A 45 year-old male came to the prosthodontic clinic of Marquette University College of Dentistry complaining of "short and ugly frontal teeth". His medical history revealed GERD since four years. The patient has been neglecting his teeth due to financial reason, though brushing his teeth twice a day. There was no history of dental bruxism. There was also no history of overexposure to the etiologic factors associated with dental erosion such as ingestion of citrus fruits, vinegar and carbonated drinks. Upon clinical examination, generalized dental erosions affect mainly occlusal and buccal surface of posterior teeth and incisal and lingual surfaces of anterior teeth (Fig 1 and 2).
The objective of the dental treatment was to restore the lost teeth structures caused by the acid reflux, and ensure optimum dental function and aesthetic. The first 3 visits were for diagnostic data collection and analysis. The treatment plan was then finalized. Full mouth rehabilitation was planned for the patient.
Before starting the prostheses stage; all carious teeth (including recurrent caries) were restored with Filtek(tm) Supreme Ultra Universal Restorative (3M Center, St. Paul, MN 55144, USA). All abutment teeth were thoroughly examined. As some of the teeth did not have enough remaining coronal tooth structure for adequate ferrule effect, crown lengthening surgery was performed.
A diagnostic wax-up was done to plan the anticipated occlusion and aesthetic outcome. Provisional crowns for the teeth were manufactured according to the diagnostic wax-up and index (Fig 3). Provisional crowns and the Fixed Dental Prosthesis (FDPs) were fabricated using autopolymerized acrylic resin ALIKE(tm) (GC 3737 W. 127th Street Alsip, IL 60803, USA).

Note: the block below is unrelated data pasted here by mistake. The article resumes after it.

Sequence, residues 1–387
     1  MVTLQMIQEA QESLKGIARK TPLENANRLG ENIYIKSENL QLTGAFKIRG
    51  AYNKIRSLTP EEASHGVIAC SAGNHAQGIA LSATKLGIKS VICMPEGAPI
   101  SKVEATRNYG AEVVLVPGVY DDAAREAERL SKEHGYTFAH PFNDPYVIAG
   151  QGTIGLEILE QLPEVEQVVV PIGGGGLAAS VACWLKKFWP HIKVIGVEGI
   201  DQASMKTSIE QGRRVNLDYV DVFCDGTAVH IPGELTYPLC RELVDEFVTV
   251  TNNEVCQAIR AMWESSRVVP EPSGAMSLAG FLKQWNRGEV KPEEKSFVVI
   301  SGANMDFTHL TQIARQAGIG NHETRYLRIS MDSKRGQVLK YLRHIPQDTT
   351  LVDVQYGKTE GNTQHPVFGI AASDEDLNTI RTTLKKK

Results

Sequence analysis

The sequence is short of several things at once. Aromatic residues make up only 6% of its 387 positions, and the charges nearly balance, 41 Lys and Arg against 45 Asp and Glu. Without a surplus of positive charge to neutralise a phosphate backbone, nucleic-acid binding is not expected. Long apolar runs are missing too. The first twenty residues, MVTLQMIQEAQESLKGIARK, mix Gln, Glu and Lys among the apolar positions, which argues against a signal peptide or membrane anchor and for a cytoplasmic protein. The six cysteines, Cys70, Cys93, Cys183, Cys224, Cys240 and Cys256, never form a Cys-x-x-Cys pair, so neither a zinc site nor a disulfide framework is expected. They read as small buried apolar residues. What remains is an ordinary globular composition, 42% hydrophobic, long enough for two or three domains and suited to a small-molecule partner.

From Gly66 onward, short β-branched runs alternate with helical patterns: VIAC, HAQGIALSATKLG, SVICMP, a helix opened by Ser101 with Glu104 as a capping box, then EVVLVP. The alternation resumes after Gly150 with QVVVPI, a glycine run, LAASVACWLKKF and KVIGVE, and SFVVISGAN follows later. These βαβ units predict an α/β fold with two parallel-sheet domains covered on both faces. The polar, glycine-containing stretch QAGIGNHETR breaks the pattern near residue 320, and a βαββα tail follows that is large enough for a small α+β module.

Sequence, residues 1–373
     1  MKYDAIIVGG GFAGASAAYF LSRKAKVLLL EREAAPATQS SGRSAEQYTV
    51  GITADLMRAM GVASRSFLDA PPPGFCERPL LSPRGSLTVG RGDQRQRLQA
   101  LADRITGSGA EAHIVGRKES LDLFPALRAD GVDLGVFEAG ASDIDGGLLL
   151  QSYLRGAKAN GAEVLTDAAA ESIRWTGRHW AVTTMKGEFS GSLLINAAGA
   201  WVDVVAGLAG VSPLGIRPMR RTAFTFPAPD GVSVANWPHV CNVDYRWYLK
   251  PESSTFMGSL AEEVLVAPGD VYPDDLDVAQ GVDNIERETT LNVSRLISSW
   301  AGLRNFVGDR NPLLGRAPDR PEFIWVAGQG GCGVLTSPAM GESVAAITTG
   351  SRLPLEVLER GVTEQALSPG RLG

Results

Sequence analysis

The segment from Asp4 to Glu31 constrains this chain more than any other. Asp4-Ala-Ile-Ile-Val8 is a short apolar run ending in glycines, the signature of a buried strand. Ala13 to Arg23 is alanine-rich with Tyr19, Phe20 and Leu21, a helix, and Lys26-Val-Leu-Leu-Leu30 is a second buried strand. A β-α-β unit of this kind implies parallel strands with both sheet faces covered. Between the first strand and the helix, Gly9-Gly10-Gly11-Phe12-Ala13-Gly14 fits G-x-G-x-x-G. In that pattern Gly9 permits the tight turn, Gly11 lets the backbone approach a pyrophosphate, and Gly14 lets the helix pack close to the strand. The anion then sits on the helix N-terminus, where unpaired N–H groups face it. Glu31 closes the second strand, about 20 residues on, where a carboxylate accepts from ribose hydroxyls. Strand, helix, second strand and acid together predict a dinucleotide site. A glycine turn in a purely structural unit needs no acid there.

The provisional crowns remained in the patients' mouth for one week to test function and aesthetic (Fig 4). A duplicate cast of the provisional crowns were created to be used as a guide in the process of making final crowns. Final impressions of the prepared teeth were taken and sent to the dental laboratory to manufacture final prostheses which were metal-ceramic crowns except the second molars which were all-metal crowns. The final prostheses received from the dental laboratory were tried and cemented in the patients' mouth (Fig 5 and 6).
After the patient felt comfortable with the new provisional crowns for 3 weeks, impressions of the provisional crowns were made, and casts were poured. Final impressions were taken of all prepared natural teeth with polyvinylsiloxane (PVS) impression material (Virtual XD impressions, Ivoclar Vivadent Inc. 175 Pineview Drive Amherst, NY 14228, USA). Centric relation interocclusal records and preparation against provisional crowns were made with PVS material, LuxaBite from DMG America (242 South Dean Street, Englewood, NJ 07631, USA). Master casts were cross mounted against the casts of the provisional crowns which were used to guide the fabrication of the final prostheses. One week after the final crowns were cemented, the patient was called back to the clinic for re-evaluation. The patient was satisfied with the treatment and was motivated to maintain good oral hygiene practices. The patient was placed on a six month recall schedule.